Defining Two Components of Shoulder Imbalance: Clavicle Tilt and Trapezial Prominence.
1Department of Orthopedic Surgery, Faculty of Medicine, the University of Tokyo, Tokyo, Japan 2Department of Orthopedic Surgery, Rady Children's Hospital and Health Center, San Diego, California.Spine (Impact Factor: 2.3). 08/2012; 37(24). DOI: 10.1097/BRS.0b013e31826e2bbb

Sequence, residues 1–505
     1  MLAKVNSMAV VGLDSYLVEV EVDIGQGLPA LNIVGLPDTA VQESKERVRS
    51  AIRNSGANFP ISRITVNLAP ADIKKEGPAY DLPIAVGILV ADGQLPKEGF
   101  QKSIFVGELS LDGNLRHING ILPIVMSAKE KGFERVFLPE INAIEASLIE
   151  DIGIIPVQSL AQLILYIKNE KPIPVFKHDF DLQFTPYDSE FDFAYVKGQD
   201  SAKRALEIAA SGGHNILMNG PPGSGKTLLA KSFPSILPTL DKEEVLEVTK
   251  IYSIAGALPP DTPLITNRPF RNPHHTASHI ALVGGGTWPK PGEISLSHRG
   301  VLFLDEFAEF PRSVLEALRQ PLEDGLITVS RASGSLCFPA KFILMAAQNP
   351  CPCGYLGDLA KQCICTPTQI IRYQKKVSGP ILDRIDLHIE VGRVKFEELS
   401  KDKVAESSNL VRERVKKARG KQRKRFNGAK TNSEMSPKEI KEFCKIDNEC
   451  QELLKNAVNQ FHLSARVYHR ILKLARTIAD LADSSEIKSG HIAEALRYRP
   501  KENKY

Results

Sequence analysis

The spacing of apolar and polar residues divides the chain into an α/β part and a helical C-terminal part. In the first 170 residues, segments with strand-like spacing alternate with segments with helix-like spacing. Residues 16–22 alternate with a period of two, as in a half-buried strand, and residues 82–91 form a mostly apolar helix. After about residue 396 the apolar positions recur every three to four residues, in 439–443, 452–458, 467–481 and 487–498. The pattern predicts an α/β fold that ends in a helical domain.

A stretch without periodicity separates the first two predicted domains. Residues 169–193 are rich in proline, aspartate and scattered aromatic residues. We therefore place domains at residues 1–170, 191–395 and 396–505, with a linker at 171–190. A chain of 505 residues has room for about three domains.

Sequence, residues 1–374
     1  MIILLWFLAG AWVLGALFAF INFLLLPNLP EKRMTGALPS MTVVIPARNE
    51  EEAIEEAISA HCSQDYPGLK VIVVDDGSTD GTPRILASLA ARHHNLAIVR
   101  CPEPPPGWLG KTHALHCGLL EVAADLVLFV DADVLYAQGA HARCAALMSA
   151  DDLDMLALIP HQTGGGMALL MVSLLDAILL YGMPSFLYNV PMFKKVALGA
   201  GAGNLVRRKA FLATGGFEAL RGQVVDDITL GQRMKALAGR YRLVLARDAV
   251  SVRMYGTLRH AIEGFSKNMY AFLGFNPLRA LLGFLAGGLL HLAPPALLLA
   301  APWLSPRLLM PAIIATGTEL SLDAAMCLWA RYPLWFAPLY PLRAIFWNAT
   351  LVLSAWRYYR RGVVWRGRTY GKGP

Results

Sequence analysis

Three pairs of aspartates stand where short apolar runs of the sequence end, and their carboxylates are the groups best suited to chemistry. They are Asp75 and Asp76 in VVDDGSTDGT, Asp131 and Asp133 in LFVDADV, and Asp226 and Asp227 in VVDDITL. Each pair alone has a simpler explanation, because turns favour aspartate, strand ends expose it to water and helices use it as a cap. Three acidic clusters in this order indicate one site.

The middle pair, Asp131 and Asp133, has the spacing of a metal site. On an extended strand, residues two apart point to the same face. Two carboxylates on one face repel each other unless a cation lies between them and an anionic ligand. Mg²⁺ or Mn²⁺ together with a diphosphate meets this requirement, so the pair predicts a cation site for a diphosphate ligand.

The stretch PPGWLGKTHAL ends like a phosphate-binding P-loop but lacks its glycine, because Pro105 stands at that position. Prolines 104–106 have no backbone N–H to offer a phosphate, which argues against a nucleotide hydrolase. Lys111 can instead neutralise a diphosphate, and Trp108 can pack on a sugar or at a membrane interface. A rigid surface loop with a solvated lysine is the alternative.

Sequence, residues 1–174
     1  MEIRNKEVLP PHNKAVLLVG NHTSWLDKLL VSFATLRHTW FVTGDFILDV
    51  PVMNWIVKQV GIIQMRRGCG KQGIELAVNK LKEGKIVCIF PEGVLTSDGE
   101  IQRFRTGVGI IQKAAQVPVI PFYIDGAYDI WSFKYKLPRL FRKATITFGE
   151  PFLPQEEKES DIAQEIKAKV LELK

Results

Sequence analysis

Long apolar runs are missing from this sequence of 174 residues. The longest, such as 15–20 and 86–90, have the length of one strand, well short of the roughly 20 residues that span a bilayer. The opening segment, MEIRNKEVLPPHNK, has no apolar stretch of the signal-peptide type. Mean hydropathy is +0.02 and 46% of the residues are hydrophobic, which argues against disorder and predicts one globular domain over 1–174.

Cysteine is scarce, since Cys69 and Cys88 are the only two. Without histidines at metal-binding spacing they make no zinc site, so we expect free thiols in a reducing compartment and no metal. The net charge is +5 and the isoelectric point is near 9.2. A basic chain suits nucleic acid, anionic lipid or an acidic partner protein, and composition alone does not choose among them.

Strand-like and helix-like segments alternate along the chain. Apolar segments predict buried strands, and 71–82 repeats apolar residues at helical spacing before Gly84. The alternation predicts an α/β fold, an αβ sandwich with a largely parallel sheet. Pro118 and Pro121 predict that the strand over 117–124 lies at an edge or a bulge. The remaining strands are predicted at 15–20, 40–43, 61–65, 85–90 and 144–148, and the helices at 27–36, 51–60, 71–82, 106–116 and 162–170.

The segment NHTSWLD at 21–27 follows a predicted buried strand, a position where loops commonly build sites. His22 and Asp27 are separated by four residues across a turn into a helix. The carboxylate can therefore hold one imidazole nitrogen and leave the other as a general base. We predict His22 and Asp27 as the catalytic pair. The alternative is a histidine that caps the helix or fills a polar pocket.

Study Design. Single center; prospective case series.Objective. To examine two features of shoulder asymmetry (Clavicle Tilt and Trapezial Prominence) and their correlation to radiographic parameters.Summary of Background Data. Shoulder imbalance is one of the more notable aspects of clinical deformity due to scoliosis. However, a discrepancy between radiographic and clinical shoulder balance in adolescent idiopathic scoliosis (AIS) patients has been reported.Methods. A consecutive series of 113 pre-operative right main thoracic Lenke 1 and 2 AIS curves were included. Clavicle angle (tilt), trapezial angle, and ratio of left to right trapezial area were measured on clinical photos. These were correlated with radiographic measurements of T1 tilt, first rib angle, curve magnitudes, and thoracic and lumbar apical translation to C7 plumb line and CSVL.Results. The average age was 14.1yrs. There were 82 Lenke 1 and 31 Lenke 2 curves with an average thoracic Cobb of 52.1°. The clinical clavicle angle ranged from -10.6 to +5.2° ("+" defined as high on the left) and had modest correlation with T1 tilt, thoracic curve size, and thoracic apical deviation (r value, 0.417, 0.437, and 0.408). Medial shoulder trapezial prominence as by the trapezial angle (range: -16.7 to +9.9) and trapezial area ratio (natural log of ratio range; -1.15 to +0.80) correlated well with the radiographic measurements of T1 tilt, first rib angle, and upper thoracic curve size (trapezial angle: 0.713, 0.679, and 0.686; trapezial area ratio: 0.597, 0.595, and 0.653, respectively).Conclusion. Our analysis suggests there are two distinct regions (lateral and medial) of shoulder height asymmetry. Medial differences reflected in trapezial prominence relate to deformity created by upward tilted proximal ribs and T1 tilt. Lateral differences in shoulder symmetry as reflected in the clavicle angle correlate weakly with radiographic measures. This suggests correction of trapezial prominence may be more predictable compared to clavicle angulation following scoliosis surgery.